457 Miller Street Cammeray, NSW 206202 9955 8808
|Opening hours||Tue-Fri,4-10pm; Sat-Sun breakfast, 8am-2pm; tapas 2-10pm|
|Features||Bar, Licensed, Outdoor seating|
|Prices||Moderate (mains $20-$40)|
Like most places in Sydney these days, Ms Miller won't take a booking for two on a Saturday night. But our pathetically optimistic reservation attempt is treated kindly – we are promised no would-be diners will be turned away. It is astounding how inhospitable some supposed purveyors of hospitality can be, but Ms Miller, a wine and tapas bar that opened in Cammeray last month, goes out of its way to be gracious to prospective patrons.
The temperature outside is in the single digits when we arrive, and we're quickly ushered into a bustling, warmly lit room to what looks to be the last available table.
Ms Miller is named for Miller Street, Cammeray's main drag, but diners sit under the heavy-lidded gaze of a young woman – a local artist's interpretation of the restaurant's namesake. It's owned by two north shore natives, brothers James and Will Christopher, who have been running The Laneway cafe next door for the past five years; their sister Lucy manages front-of-house. The brothers' plan was to bring something of a Surry Hills wine and tapas bar to an area dominated by Italian, Thai and Chinese joints.
The room is dimly lit, with exposed original-brick walls and tables covered in brown paper. Stacked Moritz beer cans form a table, while a narrow filing cabinet serves as a waiters' station. A white-tiled bar stops the place tipping into the vintage-store realm.
With few soft surfaces and a full house it's loud, but conversation is comfortable enough. The room opens onto more tables in a laneway, shrouded in plastic to keep in the heat tonight. Chalkboard specials in looping script come with helpful translations of unfamiliar menu terms.
The wine list is succinct, Spanish offerings only, all available by the half-bottle. Boutique beers are by the bottle, Estrella is on tap, and there's a short cocktail list. Over glasses of garnacha we scan the menu, which is, of course, designed to share. The casual cheery hospitality that greeted us continues throughout the evening. The restaurant is absolutely packed, yet none of the staff appear stressed, stopping to joke or indulge some diners' neuroses (such as ordering dessert anhour before it's wanted lest the kitchen runs out).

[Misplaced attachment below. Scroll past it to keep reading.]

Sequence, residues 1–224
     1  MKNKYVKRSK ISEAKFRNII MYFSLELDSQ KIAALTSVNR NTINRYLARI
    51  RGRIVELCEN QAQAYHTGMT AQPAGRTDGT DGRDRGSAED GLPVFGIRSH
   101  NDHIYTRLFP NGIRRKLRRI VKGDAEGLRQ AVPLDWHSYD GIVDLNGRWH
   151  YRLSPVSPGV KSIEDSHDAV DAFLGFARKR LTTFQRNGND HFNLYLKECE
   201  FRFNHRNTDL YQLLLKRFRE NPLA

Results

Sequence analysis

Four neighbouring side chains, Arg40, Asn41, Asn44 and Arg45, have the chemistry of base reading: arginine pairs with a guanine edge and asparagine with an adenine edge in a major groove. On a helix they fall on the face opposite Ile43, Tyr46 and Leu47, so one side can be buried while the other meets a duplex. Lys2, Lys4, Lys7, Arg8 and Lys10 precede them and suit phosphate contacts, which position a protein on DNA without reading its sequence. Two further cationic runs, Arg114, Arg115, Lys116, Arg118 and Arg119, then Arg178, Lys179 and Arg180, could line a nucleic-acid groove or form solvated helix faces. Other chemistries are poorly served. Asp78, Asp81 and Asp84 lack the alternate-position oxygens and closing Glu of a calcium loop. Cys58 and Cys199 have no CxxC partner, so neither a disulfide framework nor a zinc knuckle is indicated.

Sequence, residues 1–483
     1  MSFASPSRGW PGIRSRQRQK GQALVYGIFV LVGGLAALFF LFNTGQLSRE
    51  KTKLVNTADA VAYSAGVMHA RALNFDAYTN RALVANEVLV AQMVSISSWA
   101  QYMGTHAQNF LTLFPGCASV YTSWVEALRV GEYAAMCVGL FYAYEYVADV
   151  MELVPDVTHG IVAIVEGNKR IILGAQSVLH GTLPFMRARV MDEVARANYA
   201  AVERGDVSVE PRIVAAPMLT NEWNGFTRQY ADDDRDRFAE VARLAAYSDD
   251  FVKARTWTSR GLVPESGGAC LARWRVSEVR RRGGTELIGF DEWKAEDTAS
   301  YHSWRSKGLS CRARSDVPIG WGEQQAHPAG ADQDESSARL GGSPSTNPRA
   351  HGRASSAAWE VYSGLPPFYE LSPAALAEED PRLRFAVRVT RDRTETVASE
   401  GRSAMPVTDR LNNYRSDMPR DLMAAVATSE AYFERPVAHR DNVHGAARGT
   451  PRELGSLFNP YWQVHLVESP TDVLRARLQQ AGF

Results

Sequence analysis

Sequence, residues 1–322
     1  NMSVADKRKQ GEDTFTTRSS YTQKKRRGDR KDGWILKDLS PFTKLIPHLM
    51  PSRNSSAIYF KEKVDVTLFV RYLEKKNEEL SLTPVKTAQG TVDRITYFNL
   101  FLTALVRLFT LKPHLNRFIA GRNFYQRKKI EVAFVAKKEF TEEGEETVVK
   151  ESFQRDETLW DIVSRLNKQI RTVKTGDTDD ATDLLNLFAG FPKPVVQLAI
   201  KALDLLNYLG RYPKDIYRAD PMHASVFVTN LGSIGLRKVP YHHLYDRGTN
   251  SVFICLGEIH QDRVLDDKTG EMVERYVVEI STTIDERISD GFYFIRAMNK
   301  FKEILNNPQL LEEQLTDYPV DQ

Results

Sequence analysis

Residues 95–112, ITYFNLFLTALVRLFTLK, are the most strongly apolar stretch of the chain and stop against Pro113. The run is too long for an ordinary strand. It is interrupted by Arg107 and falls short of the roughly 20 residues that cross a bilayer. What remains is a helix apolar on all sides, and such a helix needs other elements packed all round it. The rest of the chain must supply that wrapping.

We begin with a bowl of button mushrooms, sauteed with garlic in sherry vinegar and speckled with crisp fried flakes of parsley. Fresh sardines are grilled and served with a vibrant salsa verde and blackened lemon.
A bocadillo – baguette sandwich – is sliced into three well-built pieces stuffed with a slab of hot, tender and gelatinous pork belly and a sweet beetroot relish, aioli and rocket, skewered with a pickled green chilli.
Fried squid with paprika aioli is good, the flesh delicately cooked, but is let down by the too-soft crumbs, lacking that desirable fried-seafood crunch. The most substantial dish on offer is slow-roasted lamb shoulder in rich pan juices with chimichurri and wedges of roasted kipfler.
Morcilla, Spain's black pudding, is served elegantly in four crisp rounds topped with a thin, chewy slice of dehydrated and slightly caramelised apple, and sharp capsicum puree. The least rustic dish of the night, it works beautifully.
We forgo the ever-popular churros for baked dulce de leche cheesecake: creamy, sharp and rich, and worthy of being ordered, without shame, an hour in advance.
Tapas with a sense of fun.
Morcilla, garlic mushrooms, slow-roasted lamb shoulder.